Lemma 12. Let be a -generalized metric space satisfying either of the following: (i) is odd and is complete;(ii) is even and is -complete.Let be a sequence in such that are all different and . Then, there exists such that converges only to .

Proof. By Lemma 9, is -Cauchy. By Propositions 7 and 8, the following hold. (i)If is odd, then is Cauchy.(ii)If is even, then is -Cauchy.From the assumption on the completeness of , converges to some point . By Lemma 11, converges only to .

3. Fixed Point Theorems

The following is a generalization of Subrahmanyam’s fixed point theorem [8]; see [911].

Theorem 13. Let be as in Lemma 12. Let be a sequentially continuous mapping on . Assume that there exists satisfying for all . Then, for any , converges only to a fixed point of .

Proof. Define a sequence in by for . We prove the conclusion, dividing the following three cases. (i)There exists such that .(ii) for all and there exist such that and .(iii) are all different.In the first case, is a fixed point of . By (), converges only to . In the second case, since , we have which implies . This is a contradiction. Thus, the second case cannot be possible. In the third case, we have So by Lemma 12, there exists such that converges only to . We note that also converges only to . Since is sequentially continuous, we obtain .

A function from into is proper iff is nonempty.

The following is a generalization of Caristi’s fixed point theorem [12, 13].

Theorem 14. Let be as in Lemma 12. Let be a mapping on . Let be a proper, sequentially lower semicontinuous function from into bounded from below. Assume thatfor all . Then, has a fixed point.

Remark 15. This theorem is connected with Theorem 2 in [14]. See Section 4.

Proof. In the case where , Theorem 14 becomes the original Caristi fixed point theorem. So we assume . Arguing by contradiction, we assume that does not have a fixed point. Then, we note for every with . By induction, we define a sequence in satisfying the following:Fix with . We assume that is defined for some . Then, we put Since , is nonempty. Since , we can define satisfying (18). By induction, we have defined . We note that are all different because for any . Since is bounded from below, converges. We have So by Lemma 12, there exists such that converges only to . Since is sequentially lower semicontinuous, we have We note that for any . Since , for any . Fix with . Then, for any , we have As tends to infinity, we obtain and hence . Then, we have This is a contradiction.

4. Counterexample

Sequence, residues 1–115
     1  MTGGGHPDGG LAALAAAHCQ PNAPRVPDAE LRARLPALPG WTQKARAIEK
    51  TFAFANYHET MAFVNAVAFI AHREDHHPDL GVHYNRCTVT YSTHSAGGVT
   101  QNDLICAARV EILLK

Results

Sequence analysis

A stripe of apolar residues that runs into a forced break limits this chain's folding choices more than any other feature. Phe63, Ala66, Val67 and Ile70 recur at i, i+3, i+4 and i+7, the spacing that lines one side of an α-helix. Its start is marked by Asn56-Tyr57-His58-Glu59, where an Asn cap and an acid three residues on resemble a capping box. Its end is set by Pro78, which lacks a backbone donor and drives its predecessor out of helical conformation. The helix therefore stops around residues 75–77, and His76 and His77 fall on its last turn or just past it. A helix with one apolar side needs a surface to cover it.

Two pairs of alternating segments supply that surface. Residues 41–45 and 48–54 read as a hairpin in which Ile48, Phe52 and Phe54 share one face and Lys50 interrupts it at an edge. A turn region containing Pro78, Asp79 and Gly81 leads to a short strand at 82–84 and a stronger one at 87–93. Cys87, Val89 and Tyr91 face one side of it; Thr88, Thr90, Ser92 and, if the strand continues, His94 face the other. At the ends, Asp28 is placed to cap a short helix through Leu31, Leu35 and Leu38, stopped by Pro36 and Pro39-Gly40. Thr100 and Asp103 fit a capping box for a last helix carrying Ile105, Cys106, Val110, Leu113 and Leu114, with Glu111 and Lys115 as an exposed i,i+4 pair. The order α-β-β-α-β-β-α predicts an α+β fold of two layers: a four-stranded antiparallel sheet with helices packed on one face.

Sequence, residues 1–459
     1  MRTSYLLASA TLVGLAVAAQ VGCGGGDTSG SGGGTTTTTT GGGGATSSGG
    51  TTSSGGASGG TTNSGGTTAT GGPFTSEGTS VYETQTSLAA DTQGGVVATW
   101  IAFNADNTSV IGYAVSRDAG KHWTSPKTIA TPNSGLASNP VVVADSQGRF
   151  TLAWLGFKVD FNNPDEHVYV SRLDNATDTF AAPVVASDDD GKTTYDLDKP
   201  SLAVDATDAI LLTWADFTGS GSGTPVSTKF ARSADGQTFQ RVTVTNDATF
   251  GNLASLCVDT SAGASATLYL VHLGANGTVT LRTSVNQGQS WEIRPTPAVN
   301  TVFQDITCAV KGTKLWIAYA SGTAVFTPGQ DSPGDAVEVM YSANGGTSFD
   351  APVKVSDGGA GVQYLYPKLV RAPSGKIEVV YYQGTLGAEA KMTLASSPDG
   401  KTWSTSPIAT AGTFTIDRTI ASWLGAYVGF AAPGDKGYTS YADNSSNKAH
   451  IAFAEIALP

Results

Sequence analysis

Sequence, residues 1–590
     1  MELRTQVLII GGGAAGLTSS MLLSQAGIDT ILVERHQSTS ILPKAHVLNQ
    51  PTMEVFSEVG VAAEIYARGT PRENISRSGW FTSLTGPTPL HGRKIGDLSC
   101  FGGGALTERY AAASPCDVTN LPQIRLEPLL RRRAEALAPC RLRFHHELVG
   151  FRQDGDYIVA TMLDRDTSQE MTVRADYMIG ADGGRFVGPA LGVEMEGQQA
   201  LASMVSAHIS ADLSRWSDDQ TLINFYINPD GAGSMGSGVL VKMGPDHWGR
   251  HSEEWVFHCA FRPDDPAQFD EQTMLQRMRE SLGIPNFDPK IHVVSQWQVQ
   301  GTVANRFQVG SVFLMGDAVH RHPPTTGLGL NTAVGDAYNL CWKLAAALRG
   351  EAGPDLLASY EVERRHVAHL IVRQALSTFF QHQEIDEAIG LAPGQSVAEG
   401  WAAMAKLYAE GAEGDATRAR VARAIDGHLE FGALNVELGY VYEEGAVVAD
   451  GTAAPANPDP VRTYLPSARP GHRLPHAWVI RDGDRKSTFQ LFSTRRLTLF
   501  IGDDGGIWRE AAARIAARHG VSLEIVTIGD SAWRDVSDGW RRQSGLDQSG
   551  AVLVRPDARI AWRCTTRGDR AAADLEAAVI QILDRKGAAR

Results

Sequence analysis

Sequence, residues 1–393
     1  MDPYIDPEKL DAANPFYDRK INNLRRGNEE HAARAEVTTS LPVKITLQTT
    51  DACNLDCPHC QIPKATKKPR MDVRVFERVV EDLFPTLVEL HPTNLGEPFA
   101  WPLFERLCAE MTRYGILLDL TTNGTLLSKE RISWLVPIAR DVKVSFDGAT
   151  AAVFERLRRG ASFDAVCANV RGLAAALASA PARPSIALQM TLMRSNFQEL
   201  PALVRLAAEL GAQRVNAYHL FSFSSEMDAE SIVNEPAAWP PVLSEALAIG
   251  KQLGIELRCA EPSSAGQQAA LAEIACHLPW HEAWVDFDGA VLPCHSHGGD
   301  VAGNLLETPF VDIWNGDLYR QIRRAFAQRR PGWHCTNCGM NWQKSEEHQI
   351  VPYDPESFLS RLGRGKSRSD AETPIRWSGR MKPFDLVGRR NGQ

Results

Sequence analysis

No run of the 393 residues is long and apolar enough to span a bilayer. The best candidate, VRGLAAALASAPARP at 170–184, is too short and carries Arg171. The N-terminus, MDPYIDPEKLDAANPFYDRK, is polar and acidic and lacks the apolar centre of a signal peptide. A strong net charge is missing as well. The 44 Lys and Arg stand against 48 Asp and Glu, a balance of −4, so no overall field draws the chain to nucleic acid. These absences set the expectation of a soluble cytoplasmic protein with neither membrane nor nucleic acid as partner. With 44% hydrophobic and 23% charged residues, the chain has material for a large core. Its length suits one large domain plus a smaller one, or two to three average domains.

Kirk and Shahzad in [7] gave a counterexample to Theorem 2 in [14]. In this section, we give another example.

Lemma 16 (see [4]). Let be a bounded metric space and let be a real number satisfying Let and be two subsets of with . Define a function from into by Then, is a -generalized metric space.

Remark 17. We assume in Lemma 4 in [4]. However, we do not use this assumption in the proof.

Example 18. Let and define a metric on as usual. Define two subsets and of by Define a function from into as in Lemma 16 with . Define a mapping on by And define a function from into by Then, is a complete, -generalized metric space, is sequentially continuous with respect to , and (17) holds. However, does not have a fixed point.

Proof. By Lemma 16, is a -generalized metric space. We will show that is complete. Let be a Cauchy sequence in . We consider the following three cases. (i), where is the number of the elements of .(ii) for some .(iii) and for any . In the first case, since , holds for sufficiently large . Thus, converges to . In the second case, since holds for sufficiently large . Thus, converges to . We consider the third case. Since is Cauchy, there exists such that for any with . We note that because of the definition of . Without loss of generality, we may assume that . There exists such that and for with . Then, clearly holds. Also, there exists such that and . Then, and clearly hold. We obtain . This is a contradiction. Therefore, the third case cannot be possible. We have shown that is complete. We next show that is sequentially continuous. Let a sequence in converge to some . Then, from the definition of , there exists such that for with . This fact implies that is sequentially continuous. For any , holds. So (17) is satisfied. However, it is clear that does not have a fixed point.

Conflict of Interests

The authors declare that there is no conflict of interests regarding the publication of this paper.

Acknowledgments

This project was funded by the Deanship of Scientific Research (DSR), King Abdulaziz University, under Grant no. 35–130–35–HiCi. The authors, therefore, acknowledge technical and financial support of KAU. The second author is supported in part by Grant-in-Aid for Scientific Research from Japan Society for the Promotion of Science.